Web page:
10 Strange Skin Problems That Could Be a Sign of a Serious Disease
Your skin can sometimes show signs of what's happening inside your body, from diabetes to cancer, tick bites, and more.
What your skin shows
As your body’s largest organ, your skin is a window into your health. “All of our organ systems are related,” says Whitney High, MD, associate professor of dermatology at the University of Colorado School of Medicine in Denver. What’s going on in your body sometimes affects your skin—and vice versa. The thing is, doctors don’t need special equipment to see your skin, so it can be very telling when it comes to what’s happening inside the body, to your health. Here are some strange skin problems that could be a sign of a serious disease.
You notice lots of skin tags popping up
A few of these skin growths here or there is normal, but numerous skin tags that begin popping up could indicate type 2 diabetes. They’re spurred on by insulin-like growth factor 1, a protein involved in diabetes that stimulates skin overgrowth, says Rachel Reynolds, MD, a dermatologist with Beth Israel Deaconess Medical Center in Boston, Massachusetts. Other signs of type 2 include increased thirst, slow healing wounds, and increased hunger. Here’s the only way to get rid of skin tags, according to a dermatologist.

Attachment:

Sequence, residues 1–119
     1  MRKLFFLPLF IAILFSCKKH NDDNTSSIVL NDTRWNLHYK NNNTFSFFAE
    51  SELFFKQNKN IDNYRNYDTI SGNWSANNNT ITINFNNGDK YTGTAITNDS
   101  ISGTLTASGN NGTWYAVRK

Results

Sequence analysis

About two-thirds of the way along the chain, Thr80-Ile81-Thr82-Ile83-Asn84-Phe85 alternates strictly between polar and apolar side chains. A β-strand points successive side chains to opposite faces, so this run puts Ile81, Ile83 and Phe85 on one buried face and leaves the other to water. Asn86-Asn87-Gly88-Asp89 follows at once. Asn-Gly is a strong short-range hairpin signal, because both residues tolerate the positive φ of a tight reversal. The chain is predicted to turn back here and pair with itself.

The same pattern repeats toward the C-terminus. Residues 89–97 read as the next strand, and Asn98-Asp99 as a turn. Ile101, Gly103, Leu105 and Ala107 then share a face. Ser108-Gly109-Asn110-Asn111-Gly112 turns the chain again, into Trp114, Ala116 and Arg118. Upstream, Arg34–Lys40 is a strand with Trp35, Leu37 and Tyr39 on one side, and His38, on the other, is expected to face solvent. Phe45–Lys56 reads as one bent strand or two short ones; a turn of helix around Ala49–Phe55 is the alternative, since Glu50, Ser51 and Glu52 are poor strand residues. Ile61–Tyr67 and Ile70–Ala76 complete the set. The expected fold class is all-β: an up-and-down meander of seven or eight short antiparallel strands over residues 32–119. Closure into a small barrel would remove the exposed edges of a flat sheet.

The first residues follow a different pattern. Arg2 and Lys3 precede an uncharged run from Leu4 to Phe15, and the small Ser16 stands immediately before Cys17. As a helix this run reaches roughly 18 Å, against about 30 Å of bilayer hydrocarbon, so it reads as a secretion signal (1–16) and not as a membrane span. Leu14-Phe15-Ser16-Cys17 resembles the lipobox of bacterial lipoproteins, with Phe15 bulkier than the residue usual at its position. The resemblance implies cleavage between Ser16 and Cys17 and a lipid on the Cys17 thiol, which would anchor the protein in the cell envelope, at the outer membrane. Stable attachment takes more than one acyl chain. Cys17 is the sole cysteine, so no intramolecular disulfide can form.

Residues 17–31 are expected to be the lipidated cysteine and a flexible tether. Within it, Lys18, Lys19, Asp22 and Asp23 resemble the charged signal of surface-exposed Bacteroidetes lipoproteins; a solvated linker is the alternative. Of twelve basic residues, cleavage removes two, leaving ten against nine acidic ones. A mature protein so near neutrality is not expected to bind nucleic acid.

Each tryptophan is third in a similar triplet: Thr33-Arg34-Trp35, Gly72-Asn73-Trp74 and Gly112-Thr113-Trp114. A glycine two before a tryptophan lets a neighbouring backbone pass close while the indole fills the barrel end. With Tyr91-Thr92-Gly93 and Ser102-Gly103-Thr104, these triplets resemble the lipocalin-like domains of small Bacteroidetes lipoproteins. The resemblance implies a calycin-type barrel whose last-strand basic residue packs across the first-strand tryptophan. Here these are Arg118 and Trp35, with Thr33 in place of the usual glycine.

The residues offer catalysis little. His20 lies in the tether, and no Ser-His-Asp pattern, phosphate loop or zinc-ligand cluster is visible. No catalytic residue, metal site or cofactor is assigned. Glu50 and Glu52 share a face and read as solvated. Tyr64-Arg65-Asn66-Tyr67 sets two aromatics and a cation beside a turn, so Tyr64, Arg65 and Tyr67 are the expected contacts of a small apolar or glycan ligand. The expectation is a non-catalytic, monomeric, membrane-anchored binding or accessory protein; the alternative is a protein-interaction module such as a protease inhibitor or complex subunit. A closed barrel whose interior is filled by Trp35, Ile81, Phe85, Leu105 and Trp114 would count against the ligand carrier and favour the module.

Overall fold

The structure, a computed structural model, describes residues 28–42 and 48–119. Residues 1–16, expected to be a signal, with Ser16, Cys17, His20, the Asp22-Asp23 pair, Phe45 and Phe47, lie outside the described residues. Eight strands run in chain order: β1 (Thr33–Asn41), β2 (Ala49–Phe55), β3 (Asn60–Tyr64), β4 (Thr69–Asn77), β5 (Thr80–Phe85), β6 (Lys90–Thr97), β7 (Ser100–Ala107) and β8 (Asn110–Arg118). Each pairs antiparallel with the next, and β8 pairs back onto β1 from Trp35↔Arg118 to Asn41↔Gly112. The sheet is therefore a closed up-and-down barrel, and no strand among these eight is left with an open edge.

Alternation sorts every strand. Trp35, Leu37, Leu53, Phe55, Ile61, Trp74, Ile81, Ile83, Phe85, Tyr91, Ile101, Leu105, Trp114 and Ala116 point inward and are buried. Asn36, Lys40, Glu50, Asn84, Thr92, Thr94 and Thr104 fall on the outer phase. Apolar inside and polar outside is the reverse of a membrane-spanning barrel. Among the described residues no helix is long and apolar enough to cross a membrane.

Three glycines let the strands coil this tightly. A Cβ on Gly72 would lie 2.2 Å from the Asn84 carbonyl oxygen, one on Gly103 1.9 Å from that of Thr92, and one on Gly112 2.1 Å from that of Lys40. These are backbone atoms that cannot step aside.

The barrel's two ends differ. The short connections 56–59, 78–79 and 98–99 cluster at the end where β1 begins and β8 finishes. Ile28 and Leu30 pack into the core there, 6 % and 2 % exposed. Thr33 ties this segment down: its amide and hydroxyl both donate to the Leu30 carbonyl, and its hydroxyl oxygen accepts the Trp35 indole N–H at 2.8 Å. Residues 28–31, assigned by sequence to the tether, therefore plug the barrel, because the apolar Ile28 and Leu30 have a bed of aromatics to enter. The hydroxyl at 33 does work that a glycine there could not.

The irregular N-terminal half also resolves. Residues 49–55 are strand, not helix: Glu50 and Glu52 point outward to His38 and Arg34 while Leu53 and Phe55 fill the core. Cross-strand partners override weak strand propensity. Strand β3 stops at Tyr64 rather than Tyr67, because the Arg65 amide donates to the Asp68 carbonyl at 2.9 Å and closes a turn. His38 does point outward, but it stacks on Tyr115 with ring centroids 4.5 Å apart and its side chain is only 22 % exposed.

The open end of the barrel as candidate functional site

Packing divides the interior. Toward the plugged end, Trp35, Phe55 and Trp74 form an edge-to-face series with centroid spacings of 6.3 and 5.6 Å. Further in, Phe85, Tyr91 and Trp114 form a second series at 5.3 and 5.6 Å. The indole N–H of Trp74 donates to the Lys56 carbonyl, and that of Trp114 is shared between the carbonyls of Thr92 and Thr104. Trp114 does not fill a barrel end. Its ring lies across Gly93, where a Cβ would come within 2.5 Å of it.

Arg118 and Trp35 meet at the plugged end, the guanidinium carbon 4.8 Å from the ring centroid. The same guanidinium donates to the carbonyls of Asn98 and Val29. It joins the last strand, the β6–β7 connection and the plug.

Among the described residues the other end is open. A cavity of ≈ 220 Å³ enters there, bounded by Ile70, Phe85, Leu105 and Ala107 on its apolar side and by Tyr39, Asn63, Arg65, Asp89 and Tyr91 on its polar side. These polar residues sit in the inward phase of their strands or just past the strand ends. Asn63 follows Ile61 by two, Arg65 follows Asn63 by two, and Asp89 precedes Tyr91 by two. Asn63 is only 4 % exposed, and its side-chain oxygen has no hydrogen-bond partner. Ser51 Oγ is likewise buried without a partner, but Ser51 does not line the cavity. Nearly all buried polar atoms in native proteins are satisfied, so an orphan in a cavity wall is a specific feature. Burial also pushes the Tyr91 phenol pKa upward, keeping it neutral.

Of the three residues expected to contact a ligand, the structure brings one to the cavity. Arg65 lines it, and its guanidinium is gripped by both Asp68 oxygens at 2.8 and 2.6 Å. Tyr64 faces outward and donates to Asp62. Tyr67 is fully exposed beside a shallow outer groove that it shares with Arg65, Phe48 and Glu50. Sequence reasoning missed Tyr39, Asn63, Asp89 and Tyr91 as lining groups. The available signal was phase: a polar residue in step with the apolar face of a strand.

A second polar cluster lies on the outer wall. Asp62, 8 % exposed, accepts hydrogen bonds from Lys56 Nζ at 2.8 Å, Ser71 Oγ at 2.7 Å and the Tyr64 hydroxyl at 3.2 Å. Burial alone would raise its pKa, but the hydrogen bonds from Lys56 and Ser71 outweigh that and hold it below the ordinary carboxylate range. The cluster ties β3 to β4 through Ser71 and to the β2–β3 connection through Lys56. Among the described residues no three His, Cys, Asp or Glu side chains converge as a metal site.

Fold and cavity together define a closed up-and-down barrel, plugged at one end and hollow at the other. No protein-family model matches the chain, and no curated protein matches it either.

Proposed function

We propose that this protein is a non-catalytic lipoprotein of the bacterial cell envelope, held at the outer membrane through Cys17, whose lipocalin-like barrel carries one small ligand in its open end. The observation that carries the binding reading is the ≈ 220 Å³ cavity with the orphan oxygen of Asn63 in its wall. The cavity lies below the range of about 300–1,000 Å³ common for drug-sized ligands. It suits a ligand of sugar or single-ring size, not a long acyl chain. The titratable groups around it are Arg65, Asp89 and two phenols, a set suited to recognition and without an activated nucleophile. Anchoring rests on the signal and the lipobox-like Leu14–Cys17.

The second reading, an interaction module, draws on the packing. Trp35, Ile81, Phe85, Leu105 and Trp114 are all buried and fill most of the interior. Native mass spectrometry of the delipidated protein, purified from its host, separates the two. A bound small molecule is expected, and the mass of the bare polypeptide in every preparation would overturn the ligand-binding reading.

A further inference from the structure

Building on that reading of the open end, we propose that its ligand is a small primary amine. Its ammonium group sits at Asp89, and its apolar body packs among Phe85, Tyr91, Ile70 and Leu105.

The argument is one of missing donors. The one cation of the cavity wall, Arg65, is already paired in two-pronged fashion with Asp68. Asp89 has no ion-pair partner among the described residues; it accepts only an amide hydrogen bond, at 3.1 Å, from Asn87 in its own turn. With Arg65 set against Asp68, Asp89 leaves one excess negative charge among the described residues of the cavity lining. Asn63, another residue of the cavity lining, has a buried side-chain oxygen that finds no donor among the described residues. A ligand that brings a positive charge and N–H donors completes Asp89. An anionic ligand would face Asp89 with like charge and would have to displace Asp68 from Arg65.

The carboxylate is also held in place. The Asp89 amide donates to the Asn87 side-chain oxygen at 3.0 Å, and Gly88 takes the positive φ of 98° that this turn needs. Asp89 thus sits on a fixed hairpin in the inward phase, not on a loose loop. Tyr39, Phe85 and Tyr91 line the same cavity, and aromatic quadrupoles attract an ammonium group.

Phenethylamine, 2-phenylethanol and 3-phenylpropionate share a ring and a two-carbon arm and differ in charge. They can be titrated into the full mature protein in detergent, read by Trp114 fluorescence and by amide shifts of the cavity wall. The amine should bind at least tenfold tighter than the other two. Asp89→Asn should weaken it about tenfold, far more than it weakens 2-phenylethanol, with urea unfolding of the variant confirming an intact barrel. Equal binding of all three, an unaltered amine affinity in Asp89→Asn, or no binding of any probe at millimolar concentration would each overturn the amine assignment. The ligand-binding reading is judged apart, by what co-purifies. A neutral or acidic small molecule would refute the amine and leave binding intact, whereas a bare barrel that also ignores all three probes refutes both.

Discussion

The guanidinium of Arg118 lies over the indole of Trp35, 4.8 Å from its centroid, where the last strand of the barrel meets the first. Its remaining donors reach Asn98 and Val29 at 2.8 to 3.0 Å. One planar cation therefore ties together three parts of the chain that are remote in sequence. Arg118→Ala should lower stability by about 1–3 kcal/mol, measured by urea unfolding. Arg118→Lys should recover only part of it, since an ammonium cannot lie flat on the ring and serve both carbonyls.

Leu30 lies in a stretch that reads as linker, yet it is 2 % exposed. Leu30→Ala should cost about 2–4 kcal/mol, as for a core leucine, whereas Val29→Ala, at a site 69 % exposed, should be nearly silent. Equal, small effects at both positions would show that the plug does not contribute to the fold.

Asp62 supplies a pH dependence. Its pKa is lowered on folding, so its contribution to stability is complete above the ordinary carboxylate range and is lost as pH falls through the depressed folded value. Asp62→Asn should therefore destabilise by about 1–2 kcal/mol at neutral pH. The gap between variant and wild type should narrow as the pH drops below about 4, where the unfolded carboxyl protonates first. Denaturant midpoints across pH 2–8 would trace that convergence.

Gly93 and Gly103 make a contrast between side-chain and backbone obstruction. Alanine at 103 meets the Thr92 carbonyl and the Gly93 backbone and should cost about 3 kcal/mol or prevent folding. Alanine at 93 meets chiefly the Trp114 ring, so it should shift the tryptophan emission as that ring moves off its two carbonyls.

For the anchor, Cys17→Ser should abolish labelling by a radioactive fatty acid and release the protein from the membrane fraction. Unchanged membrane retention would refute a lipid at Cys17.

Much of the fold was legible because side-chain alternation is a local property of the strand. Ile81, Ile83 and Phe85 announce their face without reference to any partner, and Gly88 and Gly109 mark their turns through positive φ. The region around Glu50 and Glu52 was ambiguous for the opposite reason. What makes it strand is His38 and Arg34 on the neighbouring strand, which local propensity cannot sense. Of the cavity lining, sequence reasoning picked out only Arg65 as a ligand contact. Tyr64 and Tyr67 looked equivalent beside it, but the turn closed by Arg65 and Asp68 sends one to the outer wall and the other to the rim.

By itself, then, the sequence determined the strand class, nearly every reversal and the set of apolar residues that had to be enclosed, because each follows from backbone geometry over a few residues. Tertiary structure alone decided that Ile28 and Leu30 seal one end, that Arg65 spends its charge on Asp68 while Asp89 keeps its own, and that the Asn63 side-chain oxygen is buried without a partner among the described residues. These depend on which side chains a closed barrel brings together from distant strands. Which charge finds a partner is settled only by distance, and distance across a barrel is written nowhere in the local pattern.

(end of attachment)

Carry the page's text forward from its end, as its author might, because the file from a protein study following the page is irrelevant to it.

You’re breaking out like crazy
Adult acne is so common (here’s why—and how best to treat it), but when it’s a fairly new development, pay attention. It’s a skin change that could be a sign of a serious disease; skin changes like acne can be a symptom of polycystic ovary syndrome (PCOS), a hormonal imbalance that the PCOS Awareness Association says affects 10 million women worldwide. When a woman’s body makes excess “male” hormones called androgens, it’s often accompanied by an increase in acne. Your doctor may suspect PCOS if you have acne along with irregular periods or acne that flares up just before your period, says Dr. Reynolds. Even if PCOS isn’t behind your breakouts, your acne may be saying something else about your body—find out what your acne means based on where you’re breaking out.